Diabetes prevalence continues to climb in China.


Data from a survey of over 98,000 Chinese adults indicate that the prevalence of diabetes affects approximately 50% of the Chinese population, and only 25.8% of diagnosed patients are being treated.

“These data suggest that diabetes may have reached an alert level in the Chinese general population with the potential for a major epidemic of diabetes-related complications, including cardiovascular disease, stroke and chronic kidney disease in China in the near future without an effective national intervention,” the researchers wrote.

Researchers from the 2010 China Noncommunicable Disease Surveillance Group collected data from 162 study sites in the Chinese Center for Disease Control and Prevention’s (CDC’s) National Disease Surveillance Point System. According to researchers, measurements of HbA1c, fasting plasma glucose and 2-hour plasma glucose were collected from a nationally representative sample of 98,658 adults aged 18 years or older in 2010.

They found that the overall prevalence of diabetes was about 11.6% (95% CI, 11.3% to 11.8%) among the adult Chinese population (12.1% in men vs. 11% in women).

Further data indicate the prevalence of previously diagnosed diabetes was estimated to be 3.5% (95% CI, 3.4% to 3.6%) in the Chinese population (3.6% in men vs. 3.4% in women). Undiagnosed diabetes was estimated at 8.1% (95% CI, 7.9% to 8.3%) in the overall population (8.5% in men vs. 7.7% in women), according to data.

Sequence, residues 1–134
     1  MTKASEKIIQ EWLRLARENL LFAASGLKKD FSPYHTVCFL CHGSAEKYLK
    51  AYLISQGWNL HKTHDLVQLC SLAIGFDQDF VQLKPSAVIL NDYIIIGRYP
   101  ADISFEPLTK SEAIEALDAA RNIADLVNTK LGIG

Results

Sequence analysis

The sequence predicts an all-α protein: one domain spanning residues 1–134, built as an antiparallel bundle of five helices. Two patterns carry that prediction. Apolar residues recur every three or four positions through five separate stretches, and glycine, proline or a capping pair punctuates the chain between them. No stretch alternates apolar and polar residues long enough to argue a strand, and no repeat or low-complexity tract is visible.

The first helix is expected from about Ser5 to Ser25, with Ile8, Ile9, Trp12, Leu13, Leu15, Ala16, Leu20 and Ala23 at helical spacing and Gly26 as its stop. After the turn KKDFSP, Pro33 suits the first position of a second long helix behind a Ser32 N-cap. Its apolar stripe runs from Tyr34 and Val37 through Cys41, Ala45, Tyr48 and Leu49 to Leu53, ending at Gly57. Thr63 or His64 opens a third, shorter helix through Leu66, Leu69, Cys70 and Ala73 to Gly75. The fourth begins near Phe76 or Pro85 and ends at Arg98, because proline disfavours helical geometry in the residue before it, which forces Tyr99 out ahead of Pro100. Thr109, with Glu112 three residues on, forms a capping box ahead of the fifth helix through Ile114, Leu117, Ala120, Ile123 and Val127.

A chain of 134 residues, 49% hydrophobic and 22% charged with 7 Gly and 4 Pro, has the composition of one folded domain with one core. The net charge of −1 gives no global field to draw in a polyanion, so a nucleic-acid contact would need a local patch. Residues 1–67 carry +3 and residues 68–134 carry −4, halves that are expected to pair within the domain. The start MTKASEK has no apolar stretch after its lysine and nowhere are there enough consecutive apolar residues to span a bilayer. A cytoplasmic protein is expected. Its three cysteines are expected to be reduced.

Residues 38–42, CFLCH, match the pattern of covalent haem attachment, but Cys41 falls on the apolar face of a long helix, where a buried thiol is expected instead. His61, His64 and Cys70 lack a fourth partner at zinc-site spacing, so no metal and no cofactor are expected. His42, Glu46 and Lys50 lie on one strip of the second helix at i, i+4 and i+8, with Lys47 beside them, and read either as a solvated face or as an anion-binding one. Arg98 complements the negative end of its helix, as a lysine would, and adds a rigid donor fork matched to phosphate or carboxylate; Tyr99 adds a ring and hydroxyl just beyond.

Moreover, the prevalence of prediabetes was estimated to be 50.1% (95% CI, 49.7% to 50.6%) in Chinese adults (52.1% in men vs. 48.1% in women).

The prevalence for prediabetes was greater among patients in older age groups (P<.001), urban residents, patients living in economically-developed regions and those who were overweight or obese, researchers wrote.

Data also demonstrate only 25.8% of patients with diabetes received treatment. Of those treated, only 39.7% had HbA1c levels less than 7% (40.7% in men vs. 38.6% in women), researchers wrote.

In an accompanying editorial, Juliana C. N. Chan, MD, FRCP, from the department of medicine and therapeutics at the Hong Kong Institute of Diabetes and Obesity, the Chinese University of Hong Kong Prince of Wales Hospital International Diabetes Federation Centre of Education, Shatin, Hong Kong, SAR, China, wrote that diabetes is a societal and health care challenge.

“To this end, government leaderships, partnerships, and community empowerment will be needed to create a health-promoting environment, encourage self-management, and strengthen the health care system to make health a reality,” Chan wrote.

Source: Endocrine Today.

 

 

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